Now, if they could do something about those $3.75 hot dogs - that would be excellent.


Monday, April 06, 2009

Play Ball

About this time two years ago, I posted about a Springtime ritual...Opening day for Major League Baseball.

I love baseball. I love everything about it. I truly think it is the perfect game. The dimensions have never changed....there is something special about the baseball field (diamond) where there is 90 feet between bases or 60 feet 6 inches from the pitching rubber to home plate. Four balls for a walk or three strikes for an out seems to be the perfect ratio....Ultimately, the fact that there is no clock, and that the game isn't over, "'till the fat lady sings" is part of its perfection.

I understand that the game has been marred by the widespread cheating that occurred during the "steroid era". I agree that this has tarnished much of the history of baseball during this time. This is unfortunate because history is part of what makes baseball so special - in fact, it may be history which fuels my passion for the game. Previous to this era, you could realistically compare achievements of old with achievements of new. My heart holds a special place for the debate as to who was the greatest <<>>. The great thing about the debate is that you could compare two players from different eras because their was a continuity in the numbers. AND, that there really is no right or wrong.

I really enjoy the strategy of baseball, as well. Hit and run, sacrifice bunt, moving the runners, taking an extra base, hitting the cutoff, etc. It's the small things that cumulatively result in wins for a team over the marathon that is the Major League Baseball season of 162 games.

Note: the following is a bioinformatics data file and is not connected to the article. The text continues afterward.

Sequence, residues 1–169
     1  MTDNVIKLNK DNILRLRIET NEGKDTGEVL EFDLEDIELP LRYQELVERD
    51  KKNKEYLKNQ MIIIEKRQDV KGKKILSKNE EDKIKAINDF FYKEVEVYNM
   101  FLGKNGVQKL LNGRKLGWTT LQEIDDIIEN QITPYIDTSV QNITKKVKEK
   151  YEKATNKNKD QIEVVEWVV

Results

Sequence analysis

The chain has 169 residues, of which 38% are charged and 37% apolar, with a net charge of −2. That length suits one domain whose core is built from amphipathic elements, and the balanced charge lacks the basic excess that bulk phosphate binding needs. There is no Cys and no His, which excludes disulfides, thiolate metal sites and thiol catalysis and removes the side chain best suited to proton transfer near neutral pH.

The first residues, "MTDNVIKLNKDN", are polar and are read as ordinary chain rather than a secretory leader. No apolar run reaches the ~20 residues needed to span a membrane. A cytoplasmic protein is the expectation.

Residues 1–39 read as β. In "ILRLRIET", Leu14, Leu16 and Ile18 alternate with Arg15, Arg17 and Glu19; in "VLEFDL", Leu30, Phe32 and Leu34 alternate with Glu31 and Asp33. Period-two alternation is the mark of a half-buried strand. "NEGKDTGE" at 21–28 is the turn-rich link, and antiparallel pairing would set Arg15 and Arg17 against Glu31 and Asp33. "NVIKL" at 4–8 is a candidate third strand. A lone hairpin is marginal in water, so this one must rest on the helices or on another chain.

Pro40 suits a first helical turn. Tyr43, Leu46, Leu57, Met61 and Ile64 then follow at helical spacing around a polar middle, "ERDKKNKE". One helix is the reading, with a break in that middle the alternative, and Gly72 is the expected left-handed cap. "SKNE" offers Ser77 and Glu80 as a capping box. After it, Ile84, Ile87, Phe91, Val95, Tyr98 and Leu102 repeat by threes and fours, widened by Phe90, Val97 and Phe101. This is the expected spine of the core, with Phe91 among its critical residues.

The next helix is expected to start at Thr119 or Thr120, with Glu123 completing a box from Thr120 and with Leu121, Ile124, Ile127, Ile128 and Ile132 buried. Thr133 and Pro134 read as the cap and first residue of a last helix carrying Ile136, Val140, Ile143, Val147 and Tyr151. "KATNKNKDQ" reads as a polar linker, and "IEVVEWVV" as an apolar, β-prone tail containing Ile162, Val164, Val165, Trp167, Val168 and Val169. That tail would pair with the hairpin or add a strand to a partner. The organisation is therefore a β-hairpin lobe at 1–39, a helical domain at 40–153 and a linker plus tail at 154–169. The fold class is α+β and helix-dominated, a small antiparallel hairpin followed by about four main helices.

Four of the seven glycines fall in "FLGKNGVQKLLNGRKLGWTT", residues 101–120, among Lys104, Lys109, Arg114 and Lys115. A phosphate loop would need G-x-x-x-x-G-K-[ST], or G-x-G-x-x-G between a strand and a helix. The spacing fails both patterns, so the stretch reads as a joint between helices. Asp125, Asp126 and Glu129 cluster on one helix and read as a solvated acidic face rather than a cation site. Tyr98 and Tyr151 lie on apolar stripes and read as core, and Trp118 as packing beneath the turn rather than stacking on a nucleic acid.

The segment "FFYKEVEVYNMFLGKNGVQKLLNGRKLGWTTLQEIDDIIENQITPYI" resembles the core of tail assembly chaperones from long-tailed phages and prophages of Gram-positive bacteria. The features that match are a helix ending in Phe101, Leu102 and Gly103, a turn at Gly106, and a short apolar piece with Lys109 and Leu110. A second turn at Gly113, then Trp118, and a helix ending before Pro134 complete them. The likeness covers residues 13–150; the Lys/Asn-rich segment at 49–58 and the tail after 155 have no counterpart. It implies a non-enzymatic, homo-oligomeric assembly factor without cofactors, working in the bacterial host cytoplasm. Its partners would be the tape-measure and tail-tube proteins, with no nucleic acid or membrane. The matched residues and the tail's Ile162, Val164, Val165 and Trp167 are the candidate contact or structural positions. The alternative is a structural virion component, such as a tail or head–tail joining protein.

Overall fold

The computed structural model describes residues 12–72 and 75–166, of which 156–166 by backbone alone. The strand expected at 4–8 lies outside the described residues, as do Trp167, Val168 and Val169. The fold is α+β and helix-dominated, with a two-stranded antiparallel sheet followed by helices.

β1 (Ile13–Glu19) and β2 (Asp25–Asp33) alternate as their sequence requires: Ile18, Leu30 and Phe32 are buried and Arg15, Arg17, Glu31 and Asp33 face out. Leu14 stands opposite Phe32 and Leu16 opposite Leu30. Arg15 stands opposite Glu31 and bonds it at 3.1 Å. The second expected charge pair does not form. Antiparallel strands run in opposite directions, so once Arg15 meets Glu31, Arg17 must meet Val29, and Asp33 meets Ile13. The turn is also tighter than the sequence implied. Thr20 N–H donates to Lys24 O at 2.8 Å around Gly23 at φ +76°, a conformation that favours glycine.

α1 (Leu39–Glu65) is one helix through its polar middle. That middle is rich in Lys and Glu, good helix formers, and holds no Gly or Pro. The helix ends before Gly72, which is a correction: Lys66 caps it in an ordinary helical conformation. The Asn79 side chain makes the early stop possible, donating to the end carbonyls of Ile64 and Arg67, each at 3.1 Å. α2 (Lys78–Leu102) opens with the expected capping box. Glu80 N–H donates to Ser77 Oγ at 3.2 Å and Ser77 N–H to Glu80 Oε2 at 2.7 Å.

Perhaps my love for the game ultimately stems from the fact that it is played in summer, and that it starts during a season of renewal. Springtime is a period where everything begins anew...the flowers, wildlife, and my chosen team's chance of winning the pennant.

Today is opening day, so Let's Go Mets!


Sunday, April 05, 2009

Silly Monkey

I don't remember how she got the nickname, but it has stuck. The amazing thing to me is that she doesn't mind. Even though every little thing that I do that garners attention embarrasses her, I can scream out "MONKEY!!!!" to her and she doesn't mind.

The monkey I am referring to is Marissa - my stepdaughter who turned thirteen today.

I told each of the kids that I was going to post specifically about them on their birthdays, so here is Marissa's.

Marissa is at that weird age...not quite a young woman, but no longer a little girl. What is so great about Marissa is that when she isn't worried about what others are thinking - she is amazingly fun. She can laugh and carry on with the best of them...and she has a great sense of humor, which adds to the fun.

She is very athletic, too - probably the most naturally gifted of all the kids. Although she doesn't cheer or tumble anymore, she was amazing. She easily could have been a gymnast. She plays volleyball now, and is naturally good. She would be excellent at basketball, too, if she liked to play.

Ultimately, however, the best way to evaluate how special Marissa is is to look that the company keeps. She has excellent friends, which tells me that she is excellent in return. I know that because I see glimpses of it when she isn't being moody or selfish. She has a wonderful heart and it is reflected in the friends with which she surrounds herself.

As she matures, I hope and pray that her awesome heart continues to shine and that she continues to be happy in all that she does.

Happy Birthday, Marissa. I love you.